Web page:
My first experience ever working on a car was with my dad. I was 9 and we were pulling an engine out of a '65 Falcon. I was supposed to make sure the trans coolant lines cleared the radiator support. I did and then stood against the wall. One of the chains came loose, as he was backing the forklift up and the tail shaft of the transmission slammed down on the radiator support. The back end of the trans rolled off and hit me in the chest, throwing me into a parts rack behind me. I had two cuts on my back and a bruise on my chest.

The first thing I said to him as he jumped off the forklift and the engine and transmission were bleeding out all over his shop floor was, "Mom's gonna kill you!"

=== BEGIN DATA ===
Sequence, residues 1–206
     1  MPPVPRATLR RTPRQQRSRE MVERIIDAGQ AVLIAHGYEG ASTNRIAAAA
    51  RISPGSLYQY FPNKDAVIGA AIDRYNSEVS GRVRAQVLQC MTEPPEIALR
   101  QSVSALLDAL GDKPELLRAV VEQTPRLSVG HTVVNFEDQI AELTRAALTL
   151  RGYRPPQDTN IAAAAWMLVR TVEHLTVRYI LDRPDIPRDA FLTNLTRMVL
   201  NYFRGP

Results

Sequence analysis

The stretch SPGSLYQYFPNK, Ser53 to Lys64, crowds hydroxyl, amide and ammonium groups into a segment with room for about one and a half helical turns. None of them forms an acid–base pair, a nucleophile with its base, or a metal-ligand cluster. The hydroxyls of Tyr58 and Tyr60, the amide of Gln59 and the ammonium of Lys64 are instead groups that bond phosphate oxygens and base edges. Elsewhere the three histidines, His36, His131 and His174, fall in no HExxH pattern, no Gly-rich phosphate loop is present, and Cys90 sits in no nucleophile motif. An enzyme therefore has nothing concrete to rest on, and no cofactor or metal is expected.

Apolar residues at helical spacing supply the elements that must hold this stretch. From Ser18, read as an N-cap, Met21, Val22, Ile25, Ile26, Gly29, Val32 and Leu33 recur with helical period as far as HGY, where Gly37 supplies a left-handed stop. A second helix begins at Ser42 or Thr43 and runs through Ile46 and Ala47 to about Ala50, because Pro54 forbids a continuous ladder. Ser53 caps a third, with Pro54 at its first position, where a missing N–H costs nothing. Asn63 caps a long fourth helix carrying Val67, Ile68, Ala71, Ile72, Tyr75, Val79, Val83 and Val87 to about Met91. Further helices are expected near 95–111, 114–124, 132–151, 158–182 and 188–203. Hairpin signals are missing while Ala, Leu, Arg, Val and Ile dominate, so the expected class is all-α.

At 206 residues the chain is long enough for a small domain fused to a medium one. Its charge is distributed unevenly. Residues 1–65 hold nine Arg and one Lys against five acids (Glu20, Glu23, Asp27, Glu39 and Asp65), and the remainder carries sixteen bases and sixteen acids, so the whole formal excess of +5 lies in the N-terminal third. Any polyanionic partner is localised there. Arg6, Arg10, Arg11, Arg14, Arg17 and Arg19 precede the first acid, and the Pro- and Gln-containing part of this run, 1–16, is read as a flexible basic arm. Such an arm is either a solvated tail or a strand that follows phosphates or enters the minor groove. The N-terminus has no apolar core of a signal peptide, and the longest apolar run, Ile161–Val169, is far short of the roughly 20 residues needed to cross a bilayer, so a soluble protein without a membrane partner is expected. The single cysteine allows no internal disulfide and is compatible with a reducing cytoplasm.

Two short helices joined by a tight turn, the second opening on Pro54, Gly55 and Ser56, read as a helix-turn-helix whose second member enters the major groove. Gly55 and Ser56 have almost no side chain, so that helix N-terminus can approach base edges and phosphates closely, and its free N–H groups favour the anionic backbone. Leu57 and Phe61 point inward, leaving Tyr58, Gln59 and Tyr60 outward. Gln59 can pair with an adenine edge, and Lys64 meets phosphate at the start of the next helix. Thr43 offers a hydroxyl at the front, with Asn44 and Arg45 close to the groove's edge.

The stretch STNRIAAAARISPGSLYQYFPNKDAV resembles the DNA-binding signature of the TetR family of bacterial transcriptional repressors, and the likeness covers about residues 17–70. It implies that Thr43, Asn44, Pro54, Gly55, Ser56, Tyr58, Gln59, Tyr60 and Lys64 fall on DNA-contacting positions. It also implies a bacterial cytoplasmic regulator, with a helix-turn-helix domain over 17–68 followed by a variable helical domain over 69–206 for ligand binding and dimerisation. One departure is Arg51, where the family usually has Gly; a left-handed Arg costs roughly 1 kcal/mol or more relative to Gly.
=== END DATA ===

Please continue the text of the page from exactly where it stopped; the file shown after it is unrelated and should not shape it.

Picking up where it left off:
Ever since then, I was hooked on fixing cars...
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Old 02-15-2014, 11:55 PM   #40 (permalink)
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Quote:
Originally Posted by sarguy01 View Post
One of the chains came loose, as he was backing the forklift up and the tail shaft of the transmission slammed down on the radiator support. The back end of the trans rolled off and hit me in the chest, throwing me into a parts rack behind me. I had two cuts on my back and a bruise on my chest.


eek!

Most difficult repair for me was a week underneath while on stands a toyota celica 1989 taking out the old power steering rack, easy enough, but getting the new one in, a major pain with the engine and gearbox still in there.

I was not only scared of the car coming down ontop of me as the only thing holding it up was two stands, twas my first time underneath a car for longer than an hour, but besides that the rack had to come in at 360 angles and then clear quite a few poles and objects on its way to the firewall.